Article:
For the first time since Arizona lost to the eventual NCAA champion Connecticut in the Elite 8, head coach Sean Miller addressed the media on a bevy of different topics. Being so close to a Final Four and a National Championship is still on his mind, along with Wildcat fans alike, but other questions have started to arise and may quickly be answered.
Perhaps the biggest question is related to the future of Derrick Williams. Williams had an outstanding year as he was named the Pac-10 Player of the Year, was a second team All-American and may very well be a top five pick in the upcoming NBA draft.
In years past, jumping to the NBA would be a simple choice for a player like Williams, but with a looming lock out at the next level, it has caused many players to re-think their decisions. Miller says he will not play the role of devil's advocate for him returning to Arizona but will give him all of the information needed.
"Derrick's moving through it like I've anticipated him doing," said Miller. "He's really relying on one of his coaches who is almost like a big brother to him. He has his mom, his sister, and he's listening to us.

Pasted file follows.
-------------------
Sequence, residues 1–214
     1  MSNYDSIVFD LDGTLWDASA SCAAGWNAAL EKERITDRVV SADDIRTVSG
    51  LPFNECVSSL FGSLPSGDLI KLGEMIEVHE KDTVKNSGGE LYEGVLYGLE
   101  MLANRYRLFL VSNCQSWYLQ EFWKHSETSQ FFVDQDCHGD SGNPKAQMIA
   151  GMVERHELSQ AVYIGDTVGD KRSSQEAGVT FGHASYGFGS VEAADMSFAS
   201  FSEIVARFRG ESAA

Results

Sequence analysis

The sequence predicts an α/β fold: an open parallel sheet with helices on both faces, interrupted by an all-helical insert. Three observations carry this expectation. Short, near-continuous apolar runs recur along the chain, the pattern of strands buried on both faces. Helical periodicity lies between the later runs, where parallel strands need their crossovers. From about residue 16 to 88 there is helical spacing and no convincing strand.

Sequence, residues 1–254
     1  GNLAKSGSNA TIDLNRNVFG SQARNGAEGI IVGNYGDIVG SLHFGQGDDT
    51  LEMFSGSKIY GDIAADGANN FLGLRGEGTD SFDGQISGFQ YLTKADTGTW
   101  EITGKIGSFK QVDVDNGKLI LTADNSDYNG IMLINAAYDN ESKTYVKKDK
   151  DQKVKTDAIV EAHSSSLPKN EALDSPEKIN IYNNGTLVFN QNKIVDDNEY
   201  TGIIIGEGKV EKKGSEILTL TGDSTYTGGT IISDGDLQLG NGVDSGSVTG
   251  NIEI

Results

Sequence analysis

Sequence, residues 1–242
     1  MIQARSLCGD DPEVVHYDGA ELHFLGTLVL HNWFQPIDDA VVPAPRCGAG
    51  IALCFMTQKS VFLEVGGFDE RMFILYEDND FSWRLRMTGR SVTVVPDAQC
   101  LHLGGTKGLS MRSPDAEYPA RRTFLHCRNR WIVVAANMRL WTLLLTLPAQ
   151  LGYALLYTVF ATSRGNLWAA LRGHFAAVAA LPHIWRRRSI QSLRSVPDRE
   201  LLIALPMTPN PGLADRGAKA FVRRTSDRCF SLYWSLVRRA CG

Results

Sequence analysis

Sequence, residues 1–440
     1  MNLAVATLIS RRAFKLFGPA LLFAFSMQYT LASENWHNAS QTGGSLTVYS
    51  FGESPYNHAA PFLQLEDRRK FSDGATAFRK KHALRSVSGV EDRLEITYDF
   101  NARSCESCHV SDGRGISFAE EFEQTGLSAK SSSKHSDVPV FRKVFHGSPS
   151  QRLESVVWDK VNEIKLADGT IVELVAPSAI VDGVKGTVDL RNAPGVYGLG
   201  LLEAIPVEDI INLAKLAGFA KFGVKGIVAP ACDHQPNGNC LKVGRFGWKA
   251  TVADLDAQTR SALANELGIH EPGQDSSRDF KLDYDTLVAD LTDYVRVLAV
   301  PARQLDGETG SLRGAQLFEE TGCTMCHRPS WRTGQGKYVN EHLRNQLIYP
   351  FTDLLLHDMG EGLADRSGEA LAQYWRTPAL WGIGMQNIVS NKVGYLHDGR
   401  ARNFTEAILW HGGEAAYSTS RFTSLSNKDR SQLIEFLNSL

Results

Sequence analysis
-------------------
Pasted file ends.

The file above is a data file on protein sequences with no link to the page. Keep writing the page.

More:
"My role isn't to convince him to come back to Arizona, as much as it is to make sure we can provide them with all the information that they deserve. This year is unique because of the lockout, and there's not one person who can predict anything other than that there is a really good chance that there is going to be one."
Miller says that the decision that Williams will ultimately make will be based upon the fact that he is a great kid and not about being the number one pick in the draft, so Miller will be happy no matter what.
"With Derrick, I think it's not about that," explained Miller. "It's more about giving him the space and time. He's, thank god, not a guy that can't wait to leave Tucson. He loves college, he loves the fans, and he really enjoys playing as a part of our program.
"For that, to his credit, he's trying to make the best decision for him, and I would anticipate that that decision will be more toward the deadline of April 24 than it would be two days from now."
Whether or not Williams returns for his junior year adds to another major aspect of the offseason, which has to do with a scholarship crunch that Arizona will have to face for the next two seasons. The program will be down to 12 and will have to figure out who will not be getting a scholarship next season.
The truth is, as of now, Arizona is about three scholarships over the limit without any decisions on anyone's future being made publicly. It has been said that the situation will work itself out and Miller had more to say Thursday.
"I'm very confident, that first of all, making decisions for the best interest of our program, that's my job," said Miller. "Building our program is part of it, but the other part is making sure the players, the student athletes, that are a part of our team can reach their goals. Everybody wants to play, everybody wants to play more.